Central Washington University

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Central Washington University
Former names
Washington State Normal School
Central Washington College of Education
Central Washington State College
Motto Docendo Discimus
Motto in English
Learn. Do. Live.
Established 1891
Type Public
Endowment $13.3 million[1]
President James L. Gaudino
Provost Marilyn Levine
Administrative staff
Students 11,000
Undergraduates 10,300[2]
Postgraduates 498
Location Ellensburg, Washington, U.S.
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Campus Rural College Town
380 acres (150 ha)
Colors Crimson and Black
Athletics NCAA Division II
Nickname Wildcats
Mascot Wellington P. Wildcat
Website www.cwu.edu
Barge Hall, Central Washington University

Central Washington University, or CWU, is a publicly assisted university in Ellensburg, Washington in the United States. The university's three chief divisions include the Office of the President, Business and Financial Affairs, and Academic and Student Life (ASL). Within ASL are four colleges: the College of Arts and Humanities, the College of Business (Ellensburg campus and centers in the Puget Sound and central regions),[3] the College of Education and Professional Studies, and College of the Sciences.

CWU is located about 110 miles (180 km) east of Seattle, Washington on Interstate 90 in the Kittitas Valley.


In 1890, the state Legislature established the Washington State Normal School (WSNS) in Ellensburg for “the training and education of teachers in the art of instructing and governing in the public schools of this state.” [4] WSNS originally opened on September 6, 1891, with classes held at the Washington Public School in Ellensburg.[5] In 1893, the school's first building was constructed and named Barge Hall, in honor of the first WSNS principal, Benjamin Franklin Barge. Barge Hall was added to the National Register of Historic Places in 1976.


  • The Pacific Northwest Geodetic Array (PANGA) uses real-time GPS measurements to research and measure crustal deformation and mitigate natural hazards throughout the Pacific Northwest. These hazards arise from earthquakes, volcanic eruptions, landslides, and coastal sea-level encroachment. In addition, PANGA GPS measurements are used to monitor man-made structures such as Seattle's sagging Alaska Way Viaduct, 520 and I-90 floating bridges and power-generation / drinking-supply dams throughout the Cascadia subduction zone, including the megadams along the Columbia River. GPS data are telemetered in real-time back to CWU, where they are processed in real-time using both JPL's RTG software as well as Trimble's RTKNet Integrity Manager software to provide relative positioning of several mm resolution.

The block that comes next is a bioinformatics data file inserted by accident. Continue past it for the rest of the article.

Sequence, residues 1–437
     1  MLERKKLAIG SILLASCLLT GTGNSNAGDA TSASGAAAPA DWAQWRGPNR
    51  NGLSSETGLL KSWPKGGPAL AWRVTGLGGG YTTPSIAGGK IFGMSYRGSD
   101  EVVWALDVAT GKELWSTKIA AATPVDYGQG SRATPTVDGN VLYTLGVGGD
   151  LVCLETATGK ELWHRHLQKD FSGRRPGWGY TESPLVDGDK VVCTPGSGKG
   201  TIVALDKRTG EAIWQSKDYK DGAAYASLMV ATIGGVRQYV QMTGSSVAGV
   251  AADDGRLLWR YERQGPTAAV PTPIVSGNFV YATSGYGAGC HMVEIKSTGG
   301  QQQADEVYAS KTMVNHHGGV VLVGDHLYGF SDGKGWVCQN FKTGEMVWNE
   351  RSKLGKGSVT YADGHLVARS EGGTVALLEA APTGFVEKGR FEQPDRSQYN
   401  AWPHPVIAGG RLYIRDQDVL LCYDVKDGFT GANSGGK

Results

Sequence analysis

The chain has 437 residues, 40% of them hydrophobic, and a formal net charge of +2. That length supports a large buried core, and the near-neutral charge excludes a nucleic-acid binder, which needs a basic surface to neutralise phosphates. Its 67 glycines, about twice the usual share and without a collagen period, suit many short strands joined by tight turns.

• Wine Quality Research Initiative has identified the nature of wine faults in some wines and how to prevent them. Currently the initiative is directed at detecting and preventing wine fraud, a lucrative and growing crime in the wine import/export business.
  • The Science Honors Research Program offers undergraduate students an opportunity to conduct high level research on projects that they design, develop, and implement.


CWU students, alumni, and varsity athletes are known as the "Wildcats" and their colors are crimson and black.[6] CWU is part of NCAA Division II and is part of the Great Northwest Athletic Conference.[6]

Seasonal order of Wildcats sports
Fall Winter Spring
Men's Football, Cross Country, Rugby, Soccer Basketball Baseball, Rugby, Track & Field
Women's Soccer, Cross Country, Rugby, Volleyball Basketball Softball, Rugby, Track & Field

Notable alumni

The following are some notable former Wildcats:


Government or military



  • W. Hudson Kensel, historian of the American West.
  • David L Boushey American Stuntman and the founder of the United Stuntmen's Association, the International Stunt School, the Society of American Fight Directors, and is a member of The Hollywood Stuntmen's Hall Of Fame.